Before the Moananuiākea Voyage launches in June 2023, the Polynesian Voyaging Society is embarking on the Alaska Heritage Sail through the southeast region to pay homage to the Native Alaskan leaders and the places that played a part in building the longstanding relationship between Hawaiʻi and Alaska. The first stop for Hōkūleʻa is Yakutat to honor the late Byron Mallott. In 1990, under Mallott’s leadership, Sealaska, a corporation owned by the Tlingit, Haida and Tshimshian tribes of Southeast Alaska, gifted two 200-foot Sitka spruce logs to Hawai‘i to help construct the voyaging canoe Hawai‘iloa. This kind gesture, which came at a time of decline for koa, sparked reforestation efforts in Keauhou, Ka‘ū on Hawai‘i Island, and started the special bond between the native peoples of Southeastern Alaska and Hawai’i.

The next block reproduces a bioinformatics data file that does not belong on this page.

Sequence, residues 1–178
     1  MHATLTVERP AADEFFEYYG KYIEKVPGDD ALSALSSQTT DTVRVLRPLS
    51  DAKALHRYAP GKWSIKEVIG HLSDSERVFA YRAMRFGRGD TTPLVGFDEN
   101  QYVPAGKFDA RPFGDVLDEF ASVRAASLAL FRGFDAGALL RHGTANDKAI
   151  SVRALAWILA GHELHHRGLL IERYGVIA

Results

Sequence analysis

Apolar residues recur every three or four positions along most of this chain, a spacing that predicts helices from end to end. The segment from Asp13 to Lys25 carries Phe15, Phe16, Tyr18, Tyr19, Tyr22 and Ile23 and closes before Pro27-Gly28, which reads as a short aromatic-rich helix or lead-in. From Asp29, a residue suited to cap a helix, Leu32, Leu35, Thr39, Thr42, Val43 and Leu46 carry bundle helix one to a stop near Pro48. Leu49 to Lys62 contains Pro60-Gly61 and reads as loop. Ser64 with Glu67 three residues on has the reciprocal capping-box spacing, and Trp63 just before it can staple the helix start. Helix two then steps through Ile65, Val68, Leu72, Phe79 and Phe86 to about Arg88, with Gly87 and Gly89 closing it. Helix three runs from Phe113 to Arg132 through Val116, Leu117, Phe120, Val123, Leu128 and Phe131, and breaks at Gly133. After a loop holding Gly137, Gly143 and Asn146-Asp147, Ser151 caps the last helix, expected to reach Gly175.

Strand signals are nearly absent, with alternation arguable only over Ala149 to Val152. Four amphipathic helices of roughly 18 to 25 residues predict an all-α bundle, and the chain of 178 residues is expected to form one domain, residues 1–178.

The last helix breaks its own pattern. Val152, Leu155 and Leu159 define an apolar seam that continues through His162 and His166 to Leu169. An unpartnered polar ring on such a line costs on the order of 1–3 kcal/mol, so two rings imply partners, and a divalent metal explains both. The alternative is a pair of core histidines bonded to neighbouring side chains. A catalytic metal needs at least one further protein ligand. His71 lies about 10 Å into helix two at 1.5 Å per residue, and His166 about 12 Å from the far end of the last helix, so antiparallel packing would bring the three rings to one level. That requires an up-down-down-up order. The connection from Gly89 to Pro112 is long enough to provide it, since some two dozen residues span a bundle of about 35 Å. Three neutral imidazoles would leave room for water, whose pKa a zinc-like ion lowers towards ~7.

About the Moananuiākea Voyage: Moananuiākea is Hōkūleʻa’s 15th major voyage in her first 50 years. At the core of Hōkūleʻa’s creation was exploration – to uncover, recover, and reclaim. Reclaim our culture, traditions, and our relationship to home and our island earth. Moananuiākea is no different, but we are now guided by what the worldwide voyage told us – that we must deepen our values in the voyage and move from exploration and understanding to mālama, or caring, and kuleana, or taking responsibility. With those values, we must move discovery toward choices and actions that we believe will help build a future good enough for our children. This is our most difficult voyage yet because the destination is not ours. It will be the most difficult island yet to find, because it is the future of island earth.